Thap Lan National ParkTourist Attractions at Tap Lan National Park
Tap Lan Viewpoints,
scenery, wild animals, waterfalls, cliffs and landscape of mountain topography.
- The Lan Forest
- Huai Yai Waterfall
- Suan Hom Waterfall
- Bo Thong Waterfall
- Huai Kham Phu Waterfall
- Khao Makha Scenic Route
- Lam Plaimat Dam
- Pang Sida and Lam Praeng Trekking
Lam Mun Bon Dam
Thap Lan National Park comprises 2,235 square kilometers in Pak Thong Chai, Wang Nam Khiao, Khonburi and Soeng Sang in Nakhon Ratchasima Province and Nadi of Prachin Buri Province in Northeast Thailand.
- Thap Lan National Park is part of The Dong Phayayen-Khao Yai Forest Complex declared a World Heritage Site by UNESCO.
- Thailand also declared it a National Park to preserve the Lan Trees (Corypha Lecomtei) which grow there.
Thap Lan comprises rugged mountains with Mount Khao Lamang at 992 meters being the highest elevation above sea level. Here also are valleys, cliffs and waterfalls.
vegetation ecosystem is Deciduous Dipterocarp, Mixed Deciduous Forest and Dry Evergreen Forest along the streams and summits
with water. It is also the last Lan Forest in Thailand.
Geography of Khao Yai Thap Lan Region
- The rugged western half of Khao Yai National Park lies on Permo- Triassic igneous volcanic rocks. To the south and east this is replaced by Jurassic calcareous and micaceous siltstones and sandstones. In the northwest part of Khao Yai there are small areas of limestone karst with steep cliffs, gorges, columns and caves. All of Thap Lan, as far as upland Ta Phraya, forms the rim of the quartz rich sandstone Korat Plateau, the edge of which is the Phanom Dongrek range and escarpment. Formation of the Phanom Dongrek escarpment is attributed to crustal uptilting.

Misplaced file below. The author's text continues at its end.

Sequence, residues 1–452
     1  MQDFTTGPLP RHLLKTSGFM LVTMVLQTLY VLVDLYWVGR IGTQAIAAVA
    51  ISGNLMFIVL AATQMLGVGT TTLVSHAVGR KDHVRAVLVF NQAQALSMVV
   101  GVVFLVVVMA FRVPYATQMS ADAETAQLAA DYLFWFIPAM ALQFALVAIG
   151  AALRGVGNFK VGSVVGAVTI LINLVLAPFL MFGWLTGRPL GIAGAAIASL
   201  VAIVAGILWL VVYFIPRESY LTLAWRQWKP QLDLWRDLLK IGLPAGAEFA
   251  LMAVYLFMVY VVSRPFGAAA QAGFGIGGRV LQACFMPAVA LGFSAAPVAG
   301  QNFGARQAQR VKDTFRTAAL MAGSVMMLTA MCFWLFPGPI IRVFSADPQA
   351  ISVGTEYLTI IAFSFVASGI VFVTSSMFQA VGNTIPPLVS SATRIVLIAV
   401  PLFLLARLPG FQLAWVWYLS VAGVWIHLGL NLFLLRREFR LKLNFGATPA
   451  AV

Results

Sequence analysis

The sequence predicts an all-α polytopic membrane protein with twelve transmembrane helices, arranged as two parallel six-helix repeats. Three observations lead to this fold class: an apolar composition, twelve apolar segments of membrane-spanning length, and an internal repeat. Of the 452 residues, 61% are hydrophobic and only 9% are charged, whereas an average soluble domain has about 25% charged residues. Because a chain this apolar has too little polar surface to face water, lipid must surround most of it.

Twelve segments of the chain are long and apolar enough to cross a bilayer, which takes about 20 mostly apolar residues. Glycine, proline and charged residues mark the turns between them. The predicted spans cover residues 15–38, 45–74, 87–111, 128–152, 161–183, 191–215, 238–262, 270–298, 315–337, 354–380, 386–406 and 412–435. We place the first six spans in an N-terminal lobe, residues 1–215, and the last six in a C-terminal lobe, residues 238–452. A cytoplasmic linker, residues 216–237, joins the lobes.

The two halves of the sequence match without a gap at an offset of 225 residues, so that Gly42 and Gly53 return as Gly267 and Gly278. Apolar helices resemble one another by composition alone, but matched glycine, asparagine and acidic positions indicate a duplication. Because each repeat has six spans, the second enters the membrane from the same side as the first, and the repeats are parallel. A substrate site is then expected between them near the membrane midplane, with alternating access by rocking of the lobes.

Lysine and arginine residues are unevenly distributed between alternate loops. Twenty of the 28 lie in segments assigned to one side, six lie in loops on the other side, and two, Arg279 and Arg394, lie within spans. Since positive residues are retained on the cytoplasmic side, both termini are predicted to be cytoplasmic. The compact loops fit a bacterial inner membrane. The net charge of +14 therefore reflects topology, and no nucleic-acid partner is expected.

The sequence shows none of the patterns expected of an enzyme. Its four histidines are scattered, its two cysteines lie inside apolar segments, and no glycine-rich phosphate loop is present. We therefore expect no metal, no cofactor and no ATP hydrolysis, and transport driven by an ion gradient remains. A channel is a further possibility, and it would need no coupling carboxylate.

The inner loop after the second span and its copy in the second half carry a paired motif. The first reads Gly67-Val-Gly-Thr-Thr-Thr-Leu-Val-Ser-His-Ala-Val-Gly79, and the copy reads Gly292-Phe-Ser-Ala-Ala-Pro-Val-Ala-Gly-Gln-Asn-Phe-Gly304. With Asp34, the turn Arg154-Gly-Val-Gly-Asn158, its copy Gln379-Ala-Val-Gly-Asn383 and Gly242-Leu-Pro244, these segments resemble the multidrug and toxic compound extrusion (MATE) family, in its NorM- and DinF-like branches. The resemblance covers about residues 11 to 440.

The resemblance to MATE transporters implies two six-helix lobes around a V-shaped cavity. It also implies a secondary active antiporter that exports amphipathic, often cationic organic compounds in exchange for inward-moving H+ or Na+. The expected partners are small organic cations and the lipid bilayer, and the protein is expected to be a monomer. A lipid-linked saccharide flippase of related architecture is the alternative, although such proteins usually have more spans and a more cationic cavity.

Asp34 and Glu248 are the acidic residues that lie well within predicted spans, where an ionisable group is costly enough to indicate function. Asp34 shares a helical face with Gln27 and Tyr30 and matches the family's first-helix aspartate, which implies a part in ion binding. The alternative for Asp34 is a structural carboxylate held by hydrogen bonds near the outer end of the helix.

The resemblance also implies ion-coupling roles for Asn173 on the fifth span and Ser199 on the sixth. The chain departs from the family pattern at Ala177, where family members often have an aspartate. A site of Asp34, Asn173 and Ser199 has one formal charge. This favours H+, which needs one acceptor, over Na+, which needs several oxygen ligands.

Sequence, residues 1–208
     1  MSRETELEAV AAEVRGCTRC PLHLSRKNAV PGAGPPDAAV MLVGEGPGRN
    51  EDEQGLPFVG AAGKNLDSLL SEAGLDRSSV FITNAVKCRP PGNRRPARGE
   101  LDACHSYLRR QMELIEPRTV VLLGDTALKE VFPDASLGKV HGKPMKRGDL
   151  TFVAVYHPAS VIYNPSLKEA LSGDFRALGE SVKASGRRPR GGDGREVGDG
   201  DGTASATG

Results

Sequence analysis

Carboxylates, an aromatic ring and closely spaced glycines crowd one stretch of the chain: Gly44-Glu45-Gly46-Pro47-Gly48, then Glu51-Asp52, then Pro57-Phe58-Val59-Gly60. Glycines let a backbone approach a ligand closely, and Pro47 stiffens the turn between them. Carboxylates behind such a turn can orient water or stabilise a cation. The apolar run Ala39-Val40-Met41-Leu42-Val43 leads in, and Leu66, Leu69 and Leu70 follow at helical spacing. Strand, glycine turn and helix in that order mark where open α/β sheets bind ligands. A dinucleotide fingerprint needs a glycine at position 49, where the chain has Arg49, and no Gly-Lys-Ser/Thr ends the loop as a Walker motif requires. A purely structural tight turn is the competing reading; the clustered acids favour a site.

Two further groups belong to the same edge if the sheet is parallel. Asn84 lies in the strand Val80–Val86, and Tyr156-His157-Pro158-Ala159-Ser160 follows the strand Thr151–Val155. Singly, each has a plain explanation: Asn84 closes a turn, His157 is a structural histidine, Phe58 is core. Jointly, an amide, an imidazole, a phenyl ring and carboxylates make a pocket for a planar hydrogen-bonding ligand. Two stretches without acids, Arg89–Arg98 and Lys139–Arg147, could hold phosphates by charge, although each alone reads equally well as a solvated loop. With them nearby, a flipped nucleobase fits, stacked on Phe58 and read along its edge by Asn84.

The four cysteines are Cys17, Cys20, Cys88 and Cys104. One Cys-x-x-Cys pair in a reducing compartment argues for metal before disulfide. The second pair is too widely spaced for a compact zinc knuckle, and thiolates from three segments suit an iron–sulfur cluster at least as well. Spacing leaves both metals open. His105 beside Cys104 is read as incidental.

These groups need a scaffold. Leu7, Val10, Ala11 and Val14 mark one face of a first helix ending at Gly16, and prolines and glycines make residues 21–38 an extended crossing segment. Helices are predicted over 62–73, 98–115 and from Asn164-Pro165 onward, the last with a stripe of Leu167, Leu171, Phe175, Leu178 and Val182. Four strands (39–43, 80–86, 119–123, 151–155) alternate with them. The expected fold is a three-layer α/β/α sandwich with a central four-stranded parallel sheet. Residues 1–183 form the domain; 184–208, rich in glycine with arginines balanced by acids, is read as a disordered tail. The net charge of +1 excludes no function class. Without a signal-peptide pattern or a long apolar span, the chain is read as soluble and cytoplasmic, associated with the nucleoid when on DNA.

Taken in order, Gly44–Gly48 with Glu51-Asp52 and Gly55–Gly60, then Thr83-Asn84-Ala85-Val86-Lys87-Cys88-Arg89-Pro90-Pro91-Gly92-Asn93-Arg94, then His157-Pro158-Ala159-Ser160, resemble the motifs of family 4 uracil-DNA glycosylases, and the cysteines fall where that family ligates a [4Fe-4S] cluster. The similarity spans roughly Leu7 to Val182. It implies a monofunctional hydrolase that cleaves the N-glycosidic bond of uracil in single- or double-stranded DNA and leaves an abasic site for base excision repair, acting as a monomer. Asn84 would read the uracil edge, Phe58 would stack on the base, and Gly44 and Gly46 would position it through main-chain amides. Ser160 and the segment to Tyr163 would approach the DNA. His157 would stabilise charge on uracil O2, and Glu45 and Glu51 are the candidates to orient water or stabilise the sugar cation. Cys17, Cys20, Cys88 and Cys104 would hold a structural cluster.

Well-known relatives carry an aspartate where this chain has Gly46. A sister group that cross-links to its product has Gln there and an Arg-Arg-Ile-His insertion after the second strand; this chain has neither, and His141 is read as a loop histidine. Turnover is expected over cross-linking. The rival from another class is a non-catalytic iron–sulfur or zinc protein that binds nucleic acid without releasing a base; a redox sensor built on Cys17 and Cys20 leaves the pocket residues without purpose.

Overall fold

Climate at Khao Yai and Thap Lan Region
- Annual rainfall over the complex ranges from 3000mm in the west to under 1000mm in the east, mainly during the southwest monsoon between May and October. Higher elevations and south facing slopes, in common with the rest of Thailand’s lower central plains, receive more rain. Khao Yai National Park is the wettest area, averaging 2270 mm per annum. There is a long dry season between November to April when moist evergreen forests retain their humidity but which favours the growth of dry open forest towards the east.
Ecosystem at Khao Yai and Thap Lan Region
- The complex has a well defined topographic, climatic and vegetation east-west gradient. It contains all major habitat types of eastern Thailand and at least 2500 plant species are recorded ( 16 endemic ) of the 20,000 to 25,000 species estimated for Thailand.
- Within the area three main types of vegetation are dominant: evergreen forests ( 73.8% of all five reserves ), mixed dipterocarp deciduous forest ( 5.3% ) and deforested scrub, grassland and secondary growth ( 18% ). The first two categories, with karst and riverine ecosystems, comprise the most significant habitats.
- The evergreen forests are of three types: dry ( 28.7% ), moist evergreen above 600 meters ( 25.8% ) and hill and lower montane rainforests ( 19.3% ). They provide a wide range of ecosystems and habitats. The dipterocarp deciduous mixed forests provide a similarly wide range but in drier fire-prone areas with sandy soils. As well as mixed forests the drier areas include dry dipterocarp forest and grassland.